Back to Work : Growing with Jobs in Europe and Central Asia Arias, Omar S. Sánchez-Páramo, Carolina Dávalos, María E. Santos, Indhira Tiongson, Erwin R. Gruen, Carola de Andrade Falcão, Natasha Saiovici, Gady Cancho, Cesar A. 2014-01-15T18:57:10Z 2014-01-15T18:57:10Z 2014-01-15
dc.description.abstract Creating more and better jobs is arguably the most critical challenge to boosting shared prosperity in ECA. This report answers two questions: How can the countries create more jobs? Should there be specific policies to help workers access those jobs?. In answering them, the report examines the role of reforms, firms, skills, incentives and barriers to work, and labor mobility through the lens of two contextual factors: the legacy of centralized planned economies and the mounting demographic pressures associated with rapid aging in some countries and soaring numbers of youth entering the workforce in others. The main findings of the report are: i) market reforms pay off in terms of jobs and productivity, although with a lag; ii) a small fraction of superstar high-growth firms, largely young, account for most of new jobs created in the region- thus, countries, especially late reformers, need to unleash the potential of high levels of latent entrepreneurship to start-up new firms; iii) skills gaps hinder employment prospects, especially of youth and older workers, due to the inadequate response of the education and training system to changes in the demand for skills; iv) employment is hindered by high implicit taxes on work for those transitioning to work from inactivity or unemployment and barriers that affect especially women, minorities, youth and older workers; and, v) low internal labor mobility prevents labor relocation to places with greater job creation potential. The report argues that to get more people back to work by growing with jobs, countries need to regain the momentum for economic and institutional reforms that existed before the crisis in order to: (i) lay the fundamentals to create jobs for all workers, by pushing reforms to create the enabling environment for existing firms to grow, become more productive, or exit the market and tap on entrepreneurship potential for new firms to emerge and succeed or fail fast and cheap; and (ii) implement policies to support workers so they are prepared to take on the new jobs being created, by having the right skills, incentives and access to work, and being ready to move to places with the highest job creation potential. en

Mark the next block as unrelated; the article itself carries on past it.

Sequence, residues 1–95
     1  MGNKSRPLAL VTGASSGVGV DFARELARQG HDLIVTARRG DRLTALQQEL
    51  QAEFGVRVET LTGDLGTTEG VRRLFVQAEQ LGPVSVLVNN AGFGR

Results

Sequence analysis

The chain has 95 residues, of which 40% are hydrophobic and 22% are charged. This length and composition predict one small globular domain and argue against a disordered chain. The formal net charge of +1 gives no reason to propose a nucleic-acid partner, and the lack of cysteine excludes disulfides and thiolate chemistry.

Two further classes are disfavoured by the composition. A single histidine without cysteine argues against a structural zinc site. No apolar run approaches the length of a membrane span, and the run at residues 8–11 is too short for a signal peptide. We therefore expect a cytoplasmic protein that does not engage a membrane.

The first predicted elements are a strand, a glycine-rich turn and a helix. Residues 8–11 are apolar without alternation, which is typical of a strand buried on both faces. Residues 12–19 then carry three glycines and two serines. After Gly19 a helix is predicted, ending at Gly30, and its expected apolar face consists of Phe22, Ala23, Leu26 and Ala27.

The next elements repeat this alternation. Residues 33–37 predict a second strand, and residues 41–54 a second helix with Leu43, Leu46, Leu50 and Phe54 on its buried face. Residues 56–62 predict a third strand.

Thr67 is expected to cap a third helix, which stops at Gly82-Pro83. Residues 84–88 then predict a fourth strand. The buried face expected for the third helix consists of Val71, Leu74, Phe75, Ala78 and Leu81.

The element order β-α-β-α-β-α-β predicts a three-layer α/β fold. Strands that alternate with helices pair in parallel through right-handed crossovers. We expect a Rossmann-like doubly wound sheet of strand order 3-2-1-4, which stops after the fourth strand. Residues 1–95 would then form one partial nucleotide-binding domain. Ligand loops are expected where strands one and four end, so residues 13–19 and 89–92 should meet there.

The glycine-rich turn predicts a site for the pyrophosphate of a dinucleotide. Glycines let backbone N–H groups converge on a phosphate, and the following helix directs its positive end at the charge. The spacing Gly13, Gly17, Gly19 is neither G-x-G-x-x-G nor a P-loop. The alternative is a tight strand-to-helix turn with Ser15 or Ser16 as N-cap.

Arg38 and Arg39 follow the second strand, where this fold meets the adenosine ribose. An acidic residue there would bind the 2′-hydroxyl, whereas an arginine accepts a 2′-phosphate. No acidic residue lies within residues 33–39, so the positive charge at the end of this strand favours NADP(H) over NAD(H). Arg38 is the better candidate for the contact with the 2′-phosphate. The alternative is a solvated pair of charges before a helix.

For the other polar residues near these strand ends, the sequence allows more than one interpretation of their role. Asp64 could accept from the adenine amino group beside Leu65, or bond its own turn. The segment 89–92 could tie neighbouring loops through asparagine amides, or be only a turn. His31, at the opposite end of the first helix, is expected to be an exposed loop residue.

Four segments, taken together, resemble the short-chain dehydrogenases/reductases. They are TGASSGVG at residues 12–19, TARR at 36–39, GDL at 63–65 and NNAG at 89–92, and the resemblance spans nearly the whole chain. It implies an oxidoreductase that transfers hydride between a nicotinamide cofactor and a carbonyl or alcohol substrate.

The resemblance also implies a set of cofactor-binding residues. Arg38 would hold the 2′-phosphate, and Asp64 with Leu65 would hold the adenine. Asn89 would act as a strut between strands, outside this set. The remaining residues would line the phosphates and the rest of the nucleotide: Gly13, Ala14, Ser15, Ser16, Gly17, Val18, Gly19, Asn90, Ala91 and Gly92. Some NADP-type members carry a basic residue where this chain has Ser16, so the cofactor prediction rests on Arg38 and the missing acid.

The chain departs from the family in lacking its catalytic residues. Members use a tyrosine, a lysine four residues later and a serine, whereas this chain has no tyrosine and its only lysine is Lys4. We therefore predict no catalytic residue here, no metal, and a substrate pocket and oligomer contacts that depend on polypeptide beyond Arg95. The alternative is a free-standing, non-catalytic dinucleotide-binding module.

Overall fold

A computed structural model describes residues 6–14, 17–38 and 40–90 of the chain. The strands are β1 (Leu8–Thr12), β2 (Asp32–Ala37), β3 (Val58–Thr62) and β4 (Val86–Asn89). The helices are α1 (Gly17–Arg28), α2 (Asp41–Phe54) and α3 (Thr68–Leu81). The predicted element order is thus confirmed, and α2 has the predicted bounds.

dc.identifier.isbn 978-0-8213-9910-1
dc.identifier.other 10.1596/978-0-8213-9910-1
dc.language.iso en_US
dc.publisher Washington, DC: World Bank
dc.relation.ispartofseries Europe and Central Asia Reports;
dc.rights CC BY 3.0 IGO
dc.rights.holder World Bank
dc.subject active labor market policy
dc.subject agglomeration economies
dc.subject aging
dc.subject business environment
dc.subject demographics
dc.subject education
dc.subject employment
dc.subject entrepreneurs
dc.subject entrepreneurship
dc.subject firms
dc.subject gazelles
dc.subject inclusion
dc.subject job creation
dc.subject jobs
dc.subject labor matching
dc.subject labor mobility
dc.subject migration
dc.subject older workers
dc.subject productivity
dc.subject reforms
dc.subject skills
dc.subject social protection
dc.subject socialist legacy
dc.subject tax wedges
dc.subject training
dc.subject women
dc.subject work incentives
dc.subject youth
dc.subject Transition economies
dc.title Back to Work : Growing with Jobs in Europe and Central Asia en
dspace.entity.type Publication
okr.crosscuttingsolutionarea Public-Private Partnerships
okr.crosscuttingsolutionarea Jobs 2014-01-15
okr.doctype Publications & Research :: Publication
okr.doctype Publications & Research
okr.globalpractice Education
okr.globalpractice Social Protection and Labor
okr.identifier.doi 10.1596/978-0-8213-9910-1 84041
okr.language.supported en
okr.peerreview Academic Peer Review
okr.region.administrative Europe and Central Asia Turkiye
okr.region.geographical Europe
okr.region.geographical Central Asia
okr.region.geographical Europe and Central Asia
okr.region.geographical Eastern Europe
okr.topic Education
okr.topic Private Sector Development
okr.topic Social Protections and Labor
okr.unit ECSP3
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relation.isAuthorOfPublication 5c6ccdf4-842b-52cf-b005-9d4358266967
relation.isAuthorOfPublication 2c96e58d-d731-5707-a0a3-7cc3b6c46f79
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